| Management Strategies
- When the person you care for leaves the home without you, ensure that they have proper identification with them at all times. This should include their name, address and telephone number, so that if they become disoriented, they may be assisted by those around them.
- Minimize safety risks while bathing by using a handheld showerhead, shower bench, grab bars, and non-skid bath mats. Never leave the person alone in the bath or shower. Certain grooming activities can be done independently, but supervise the use of electrical devices such as hairdryers, razors and curling irons and put them away when they are not in use to avoid chances for electric shock.
- Use childproof latches on kitchen cabinets and any place where cleaning supplies or other chemicals are kept.
- Install secure locks on all outside windows and doors, especially if the person is prone to wandering. If a person can open a lock because it is familiar, install a new deadbolt which is higher up or lower down which they are not familiar with. Remove the locks on bathroom doors to prevent the person from accidentally locking himself or herself in.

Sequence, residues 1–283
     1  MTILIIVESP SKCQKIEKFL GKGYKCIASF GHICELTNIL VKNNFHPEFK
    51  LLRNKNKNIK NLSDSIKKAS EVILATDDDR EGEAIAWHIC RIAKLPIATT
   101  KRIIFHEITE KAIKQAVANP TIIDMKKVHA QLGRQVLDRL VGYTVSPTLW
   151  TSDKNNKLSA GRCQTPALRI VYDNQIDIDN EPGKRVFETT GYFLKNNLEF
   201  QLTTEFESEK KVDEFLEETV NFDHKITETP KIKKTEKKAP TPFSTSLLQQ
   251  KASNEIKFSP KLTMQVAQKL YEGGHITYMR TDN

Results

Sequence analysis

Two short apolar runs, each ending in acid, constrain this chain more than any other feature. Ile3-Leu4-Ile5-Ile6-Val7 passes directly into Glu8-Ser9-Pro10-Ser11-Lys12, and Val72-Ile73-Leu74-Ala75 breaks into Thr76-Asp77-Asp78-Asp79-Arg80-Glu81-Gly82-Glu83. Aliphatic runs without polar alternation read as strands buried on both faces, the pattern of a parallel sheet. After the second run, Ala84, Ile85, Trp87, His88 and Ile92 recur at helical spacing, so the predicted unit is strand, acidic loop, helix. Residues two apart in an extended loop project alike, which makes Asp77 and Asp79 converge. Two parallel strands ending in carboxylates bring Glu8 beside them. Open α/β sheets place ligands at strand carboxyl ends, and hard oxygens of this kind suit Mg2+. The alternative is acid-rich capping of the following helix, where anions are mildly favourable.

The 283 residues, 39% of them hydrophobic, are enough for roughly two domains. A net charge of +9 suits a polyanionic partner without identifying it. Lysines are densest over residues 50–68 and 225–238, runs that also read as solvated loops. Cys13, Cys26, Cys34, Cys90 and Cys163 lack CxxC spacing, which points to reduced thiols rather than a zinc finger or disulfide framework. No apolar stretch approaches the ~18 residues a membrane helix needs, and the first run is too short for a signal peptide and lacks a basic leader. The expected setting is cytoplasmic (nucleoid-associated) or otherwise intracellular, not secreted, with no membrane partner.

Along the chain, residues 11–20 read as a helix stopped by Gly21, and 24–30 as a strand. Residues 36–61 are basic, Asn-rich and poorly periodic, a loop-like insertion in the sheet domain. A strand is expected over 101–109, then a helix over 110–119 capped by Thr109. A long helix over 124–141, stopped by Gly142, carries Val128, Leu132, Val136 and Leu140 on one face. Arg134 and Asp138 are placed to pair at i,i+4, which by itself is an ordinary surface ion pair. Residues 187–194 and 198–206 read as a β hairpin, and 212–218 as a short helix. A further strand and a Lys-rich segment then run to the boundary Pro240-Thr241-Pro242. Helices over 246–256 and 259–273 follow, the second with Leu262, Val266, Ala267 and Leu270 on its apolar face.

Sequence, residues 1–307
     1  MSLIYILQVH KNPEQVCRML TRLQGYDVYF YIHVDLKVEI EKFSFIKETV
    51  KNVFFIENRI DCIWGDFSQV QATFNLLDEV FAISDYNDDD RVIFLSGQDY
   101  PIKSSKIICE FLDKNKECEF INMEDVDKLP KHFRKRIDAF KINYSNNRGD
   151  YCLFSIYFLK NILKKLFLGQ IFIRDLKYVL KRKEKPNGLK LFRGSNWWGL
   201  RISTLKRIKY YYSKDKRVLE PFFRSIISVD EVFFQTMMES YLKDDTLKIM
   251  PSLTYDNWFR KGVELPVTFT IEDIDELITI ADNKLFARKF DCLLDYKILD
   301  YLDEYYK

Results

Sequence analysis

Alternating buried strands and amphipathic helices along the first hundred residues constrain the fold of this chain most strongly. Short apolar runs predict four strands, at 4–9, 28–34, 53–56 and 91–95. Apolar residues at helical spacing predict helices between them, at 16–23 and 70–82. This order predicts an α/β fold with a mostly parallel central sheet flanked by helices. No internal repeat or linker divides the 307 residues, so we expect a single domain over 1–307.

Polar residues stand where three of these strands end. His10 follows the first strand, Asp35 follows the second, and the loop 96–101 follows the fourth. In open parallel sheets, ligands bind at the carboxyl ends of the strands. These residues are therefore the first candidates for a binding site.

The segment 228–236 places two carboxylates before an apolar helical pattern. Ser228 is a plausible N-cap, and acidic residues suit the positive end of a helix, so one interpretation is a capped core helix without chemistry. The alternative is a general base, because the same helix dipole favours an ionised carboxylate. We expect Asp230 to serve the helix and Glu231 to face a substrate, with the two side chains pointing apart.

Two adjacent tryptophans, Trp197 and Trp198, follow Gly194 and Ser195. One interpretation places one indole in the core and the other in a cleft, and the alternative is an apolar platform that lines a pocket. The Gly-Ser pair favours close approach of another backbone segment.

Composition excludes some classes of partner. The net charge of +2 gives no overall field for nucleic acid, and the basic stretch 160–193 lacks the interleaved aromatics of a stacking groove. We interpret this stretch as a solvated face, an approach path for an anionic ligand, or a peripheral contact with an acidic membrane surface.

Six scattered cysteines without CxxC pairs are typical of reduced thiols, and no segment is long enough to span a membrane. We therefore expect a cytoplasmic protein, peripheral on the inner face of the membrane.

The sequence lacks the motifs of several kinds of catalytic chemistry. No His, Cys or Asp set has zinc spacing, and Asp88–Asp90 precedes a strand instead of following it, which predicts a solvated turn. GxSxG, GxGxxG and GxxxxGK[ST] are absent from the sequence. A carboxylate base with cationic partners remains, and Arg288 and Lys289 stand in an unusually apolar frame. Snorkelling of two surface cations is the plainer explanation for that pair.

- Make sure that on and off are easily marked on all appliances in order to help make positions clear. Stove safety can also be enhanced by having switches installed that prevent its use, or other devices that signal if the burner has been left on.
- Ensure that the medicine cabinet is locked at all times and that they are supervised when taking medication to avoid misuse.
- Look for clues that safe driving is no longer possible, including getting lost in familiar places, driving too fast or too slow, or disregarding traffic signs. If driving has become an unsafe action, disabling the car is an option, or keeping the car keys where they cannot be found. It is important to reassure them that you are available to arrange transportation for them, so they still feel a sense of freedom. If the person you care for is still having difficulty accepting the loss of their driving ability, ask their family doctor to intervene, they might accept the news better from a person in a position of authority.